Born: Au­gust 1, 1779, Car­roll Coun­ty, Ma­ry­land.

Died: Jan­u­a­ry 11, 1843, at the home of his daugh­ter Eliz­a­beth How­ard in Bal­ti­more, Ma­ry­land.

Buried: Orig­in­al­ly in Old Saint Paul’s Ce­me­te­ry, Bal­ti­more, Ma­ry­land. Lat­er re­in­terred at Mount Ol­iv­et Ce­me­te­ry, Fred­er­ick, Ma­ry­land.


Francis was the son of John Ross Key and Anne Phe­be Penn Dag­wor­thy Charl­ton, hus­band of Ma­ry (Pol­ly) Tay­loe Lloyd, and bro­ther-in-law of Chief Jus­tice of the Unit­ed States Ro­ger B. Ta­ney.

He at­tend­ed St. John’s Col­lege, An­na­po­lis, Mar­y­land. He served as Dis­trict At­tor­ney of Wash­ing­ton, DC, was a ves­try­man of St. John’s Church and Christ Church in George­town, and taught Epis­co­pa­li­an Sun­day School.

He al­so helped or­gan­ize the Do­mes­tic and For­eign Mis­sion­a­ry So­ci­e­ty in 1820, and in 1823 served on the com­mit­tee pre­par­ing the new Pro­test­ant Epis­co­pal hym­nal.


Key is prob­ab­ly best re­mem­bered as the au­thor of the Am­er­i­can na­tion­al an­them, The Star Span­gled Ban­ner.


Here are the four vers­es Key wrote dur­ing the 1814 siege of Fort Mc­Hen­ry, Ma­ry­land, with a fifth by Ol­iv­er Wen­dell Holmes.

The Defence of Fort McHenry

O! say can you see by the dawn’s early light
What so proudly we hailed at the twilight’s last gleaming,
Whose broad stripes and bright stars through the perilous fight,
O’er the ramparts we watched, were so gallantly streaming?
And the rockets’ red glare, the bombs bursting in air,
Gave proof through the night that our flag was still there.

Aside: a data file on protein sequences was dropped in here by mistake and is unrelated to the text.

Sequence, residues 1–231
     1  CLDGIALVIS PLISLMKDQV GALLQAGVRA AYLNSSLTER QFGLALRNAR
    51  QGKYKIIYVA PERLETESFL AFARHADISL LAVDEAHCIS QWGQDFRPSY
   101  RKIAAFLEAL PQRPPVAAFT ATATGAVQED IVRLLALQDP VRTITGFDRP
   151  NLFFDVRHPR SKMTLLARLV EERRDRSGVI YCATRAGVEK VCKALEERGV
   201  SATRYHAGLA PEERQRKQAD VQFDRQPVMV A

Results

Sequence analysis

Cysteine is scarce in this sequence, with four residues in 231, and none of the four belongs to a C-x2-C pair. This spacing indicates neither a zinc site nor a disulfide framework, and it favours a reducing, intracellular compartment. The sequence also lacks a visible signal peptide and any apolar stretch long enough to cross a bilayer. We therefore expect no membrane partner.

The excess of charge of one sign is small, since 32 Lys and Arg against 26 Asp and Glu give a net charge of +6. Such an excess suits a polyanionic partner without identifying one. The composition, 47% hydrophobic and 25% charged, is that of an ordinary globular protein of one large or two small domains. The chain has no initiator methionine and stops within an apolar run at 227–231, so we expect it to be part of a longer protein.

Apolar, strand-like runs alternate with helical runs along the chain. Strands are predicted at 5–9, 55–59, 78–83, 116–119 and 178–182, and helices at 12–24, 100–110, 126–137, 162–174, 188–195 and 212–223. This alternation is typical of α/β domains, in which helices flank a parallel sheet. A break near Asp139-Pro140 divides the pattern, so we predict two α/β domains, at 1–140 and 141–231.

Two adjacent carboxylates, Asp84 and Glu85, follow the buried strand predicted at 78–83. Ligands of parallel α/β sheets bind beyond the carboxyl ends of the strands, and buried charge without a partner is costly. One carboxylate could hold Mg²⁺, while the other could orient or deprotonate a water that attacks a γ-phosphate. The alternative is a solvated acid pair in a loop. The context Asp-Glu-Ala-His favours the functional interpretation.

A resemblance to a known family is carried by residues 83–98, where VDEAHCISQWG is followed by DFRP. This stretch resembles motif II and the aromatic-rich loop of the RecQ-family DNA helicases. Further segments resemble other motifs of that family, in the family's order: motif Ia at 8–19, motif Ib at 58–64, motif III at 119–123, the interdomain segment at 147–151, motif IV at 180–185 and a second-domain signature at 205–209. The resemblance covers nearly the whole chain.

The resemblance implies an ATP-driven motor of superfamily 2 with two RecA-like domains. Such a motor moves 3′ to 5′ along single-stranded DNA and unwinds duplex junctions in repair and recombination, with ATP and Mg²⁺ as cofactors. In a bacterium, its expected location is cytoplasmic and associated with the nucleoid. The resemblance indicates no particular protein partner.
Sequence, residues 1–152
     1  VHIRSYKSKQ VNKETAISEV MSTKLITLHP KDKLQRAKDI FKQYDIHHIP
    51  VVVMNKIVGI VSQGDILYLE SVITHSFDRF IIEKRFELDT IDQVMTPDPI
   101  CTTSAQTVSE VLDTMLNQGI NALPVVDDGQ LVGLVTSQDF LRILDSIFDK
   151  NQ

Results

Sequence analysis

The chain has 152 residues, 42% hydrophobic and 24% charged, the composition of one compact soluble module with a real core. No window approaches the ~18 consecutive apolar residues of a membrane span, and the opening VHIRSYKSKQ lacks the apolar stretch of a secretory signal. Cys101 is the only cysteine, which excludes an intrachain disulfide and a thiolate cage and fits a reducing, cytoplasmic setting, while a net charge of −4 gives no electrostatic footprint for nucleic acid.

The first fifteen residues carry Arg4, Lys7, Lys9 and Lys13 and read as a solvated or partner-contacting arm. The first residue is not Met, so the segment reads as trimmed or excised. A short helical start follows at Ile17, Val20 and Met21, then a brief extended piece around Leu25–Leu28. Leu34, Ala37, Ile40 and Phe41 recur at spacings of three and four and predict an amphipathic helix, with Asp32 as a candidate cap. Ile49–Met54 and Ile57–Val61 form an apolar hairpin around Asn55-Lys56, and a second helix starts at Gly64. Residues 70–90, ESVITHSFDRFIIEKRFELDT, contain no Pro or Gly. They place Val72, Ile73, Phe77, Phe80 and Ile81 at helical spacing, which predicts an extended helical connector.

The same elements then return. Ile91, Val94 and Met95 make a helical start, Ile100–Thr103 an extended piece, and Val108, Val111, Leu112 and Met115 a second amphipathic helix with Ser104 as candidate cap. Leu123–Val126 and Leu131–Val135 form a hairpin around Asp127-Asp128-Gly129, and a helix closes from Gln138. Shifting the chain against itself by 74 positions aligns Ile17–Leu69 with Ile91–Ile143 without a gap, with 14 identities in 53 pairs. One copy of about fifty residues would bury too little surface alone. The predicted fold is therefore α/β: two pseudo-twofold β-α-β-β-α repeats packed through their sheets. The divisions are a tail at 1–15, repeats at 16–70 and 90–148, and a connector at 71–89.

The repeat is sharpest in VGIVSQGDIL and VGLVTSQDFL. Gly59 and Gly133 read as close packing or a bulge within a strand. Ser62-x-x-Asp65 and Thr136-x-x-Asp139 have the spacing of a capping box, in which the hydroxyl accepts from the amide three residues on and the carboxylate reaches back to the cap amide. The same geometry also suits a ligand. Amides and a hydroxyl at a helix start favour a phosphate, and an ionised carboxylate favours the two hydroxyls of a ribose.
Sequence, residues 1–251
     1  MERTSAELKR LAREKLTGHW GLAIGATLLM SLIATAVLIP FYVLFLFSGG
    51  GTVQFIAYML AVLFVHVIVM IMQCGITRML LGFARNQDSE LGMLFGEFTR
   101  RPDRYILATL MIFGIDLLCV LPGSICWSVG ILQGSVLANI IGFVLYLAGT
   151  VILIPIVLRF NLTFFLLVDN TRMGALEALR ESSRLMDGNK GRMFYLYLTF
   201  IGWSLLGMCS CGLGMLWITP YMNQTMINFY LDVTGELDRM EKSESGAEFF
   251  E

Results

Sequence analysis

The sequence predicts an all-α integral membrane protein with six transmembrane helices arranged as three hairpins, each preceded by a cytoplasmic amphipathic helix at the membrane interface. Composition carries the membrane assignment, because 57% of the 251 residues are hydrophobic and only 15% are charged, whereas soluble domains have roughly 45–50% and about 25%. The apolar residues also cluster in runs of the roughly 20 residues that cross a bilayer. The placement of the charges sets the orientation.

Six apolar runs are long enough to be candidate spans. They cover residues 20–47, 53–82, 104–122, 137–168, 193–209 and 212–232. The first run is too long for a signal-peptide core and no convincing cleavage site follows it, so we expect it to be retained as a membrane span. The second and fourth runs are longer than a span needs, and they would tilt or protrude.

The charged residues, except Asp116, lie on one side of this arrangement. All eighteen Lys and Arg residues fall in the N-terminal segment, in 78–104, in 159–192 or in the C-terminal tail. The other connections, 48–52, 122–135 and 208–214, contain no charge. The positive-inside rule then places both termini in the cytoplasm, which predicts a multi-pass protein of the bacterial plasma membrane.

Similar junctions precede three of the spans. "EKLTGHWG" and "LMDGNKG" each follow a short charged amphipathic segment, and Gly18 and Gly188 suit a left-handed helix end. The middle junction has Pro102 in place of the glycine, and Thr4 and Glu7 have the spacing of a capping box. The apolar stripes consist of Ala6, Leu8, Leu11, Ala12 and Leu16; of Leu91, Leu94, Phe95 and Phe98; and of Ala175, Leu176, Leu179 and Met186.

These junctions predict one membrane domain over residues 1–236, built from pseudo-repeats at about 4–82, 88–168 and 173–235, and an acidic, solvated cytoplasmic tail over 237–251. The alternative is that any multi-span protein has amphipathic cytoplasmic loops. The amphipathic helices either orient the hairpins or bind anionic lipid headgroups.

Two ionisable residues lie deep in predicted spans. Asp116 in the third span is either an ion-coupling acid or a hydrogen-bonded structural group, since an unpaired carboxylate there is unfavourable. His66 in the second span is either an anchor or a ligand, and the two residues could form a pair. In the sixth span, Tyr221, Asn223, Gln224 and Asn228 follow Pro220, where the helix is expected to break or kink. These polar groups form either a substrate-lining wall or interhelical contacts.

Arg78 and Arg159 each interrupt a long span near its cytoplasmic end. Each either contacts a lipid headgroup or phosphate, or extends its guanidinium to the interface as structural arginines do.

O! say does that star spangled banner still wave
O’er the land of the free and the home of the brave?

On the shore dimly seen through the mists of the deep,
Where the foe’s haughty host in dread silence reposes,
What is that which the breeze, o’er the towering steep,
As it fitfully blows, half conceals, half discloses?
Now it catches the gleam of the morning’s first beam,
In full glory reflected, now shines in the stream.
’Tis the star spangled banner, O! long may it wave
O’er the land of the free and the home of the brave.

And where is that band which so vauntingly swore,
’Mid the havoc of war and the battle’s confusion,
A home and a country, shall leave us no more?
Their blood has washed out their foul footstep’s pollution.
No refuge could save the hireling and slave
From the terror of flight or the gloom of the grave.
And the star spangled banner in triumph doth wave
O’er the land of the free and the home of the brave.

O! thus be it ever when freeman shall stand,
Between their loved home and the war’s desolation;
Blest with victory and peace, may the Heav’n rescued land,
Praise the Power that hath made and preserved us a nation!
Then conquer we must, when our cause it is just,
And this be our motto, In God is our trust.
And the star spangled banner in triumph shall wave
O’er the land of the free and the home of the brave.

When our land is illumèd with liberty’s smile,
If a foe from within strike a blow at her glory,
Down, down with the traitor that dares to defile
The flag of her stars and the page of her story!
By the millions unchained who our birthright have gained,
We will keep her bright blazon forever unstained!
And the star spangled banner in triumph shall wave
While the land of the free is the home of the brave.